People have always worried about water in California. We’ve been fighting over it for so long, the conflict itself has become part of our landscape. We’ve seen farmers suing miners, fishermen suing farmers, cities suing cities, and other western states suing California—along with one another—to control a precious resource that can seem frustratingly fickle. Wet years marked by torrential rain, mudslides, and floods are followed by shriveling droughts. All the while, enormous rivers flow in one end of the state, far from the enormous thirsts elsewhere.
To slake them Californians have built one of the biggest hydraulic systems the world has ever seen—1,400 major dams and thousands of miles of aqueducts to move the water from the north, where two-thirds of the precipitation falls, to the south, where two-thirds of the people—and almost a third of farms—reside. All of it helps underpin a $2 trillion economy, the eighth largest on earth, but it’s done little to nudge the state back from being forever on the verge of a water crisis. As climate change threatens to make California’s ten-year drought the “new normal” and the population is projected to reach 59 million by 2060, battles over water are ratcheting up again.
After all, everyone knows water is scarce. But is it? If you were to divvy up the water available in our reservoirs and underground aquifers, there’d be enough each year for 630 million Californians living in suburban homes, each furnished with a lawn and a swimming pool. In reality the 38 million people who do live here use only about 20 percent of that. The rest goes to agriculture: No other state produces more crops—almost all of them requiring irrigation. Water means everything here.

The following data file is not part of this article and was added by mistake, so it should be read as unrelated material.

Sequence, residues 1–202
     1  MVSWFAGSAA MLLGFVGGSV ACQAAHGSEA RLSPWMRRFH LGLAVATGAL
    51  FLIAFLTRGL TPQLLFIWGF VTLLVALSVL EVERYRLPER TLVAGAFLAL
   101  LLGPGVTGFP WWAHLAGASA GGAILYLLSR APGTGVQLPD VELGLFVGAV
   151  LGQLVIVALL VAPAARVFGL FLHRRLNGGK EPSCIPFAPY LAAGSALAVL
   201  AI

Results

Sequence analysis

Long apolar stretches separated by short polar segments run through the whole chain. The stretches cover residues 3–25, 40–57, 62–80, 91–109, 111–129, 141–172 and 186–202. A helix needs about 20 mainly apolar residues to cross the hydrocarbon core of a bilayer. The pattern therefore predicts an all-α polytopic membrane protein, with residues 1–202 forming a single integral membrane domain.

Yet from a certain point of view, we have so much of it, we waste it as fast as we can. In fact, it’s the law. California water law is based on the “use it or lose it” principle, invented in the miners’ camps of the Gold Rush: The first to grab it can claim as much as he can take. If he doesn’t use it, the water “right” can be taken away—which amounts to a perverse incentive to not conserve. What’s more, most water is priced below what it costs taxpayers to supply it. “California is not running out of water,” the nonpartisan Public Policy Institute of California stated in a 2010 report, “but the state will face increasing water scarcity. It is often said that there is not a shortage of water, only a shortage of cheap water.” Many cities, including Sacramento, don’t even have water meters. And half of California farms still practice wasteful flood irrigation—literally submerging a field or an orchard in water—when employing sprinklers or drip systems could save nearly as much water on farms every year as all 38 million of us use at home.
But ever on the move, the Golden State has been too successful to slow down and pay much heed to the problems that it has created for itself. Toxic dust storms blow up from dry lake beds, producing some of the worst air pollution in the United States. All but 5 percent of our historic wetlands are gone, replaced with asphalt and polluted runoff. All but a few of our rivers and streams are dammed, devastating fish and wildlife. California’s chinook salmon run was once the third largest on the Pacific Coast. Today it’s shrunk by 98 percent, the fish likely headed for extinction as they leap futilely against the base of dams, among them a 700-foot-high one designed to bring water to L.A.
Our quest for water has been expensive: tens of billions in taxpayer money over the decades, including $19.6 billion in bonds approved by voters since 2000 to clean up polluted waterways, rebuild aging pipes and treatment plants, construct new aqueducts and dams, and remove others that are dangerous or useless. Money hasn’t solved the problem, though, and there are billions upon billions being lined up for other projects—with no guarantee that they will, either. The end is not nigh; California can continue to thrive for our children and their children, but not if we continue to apply a century-old philosophy to handling our most valuable resource. Now more than ever, it pays to know your water.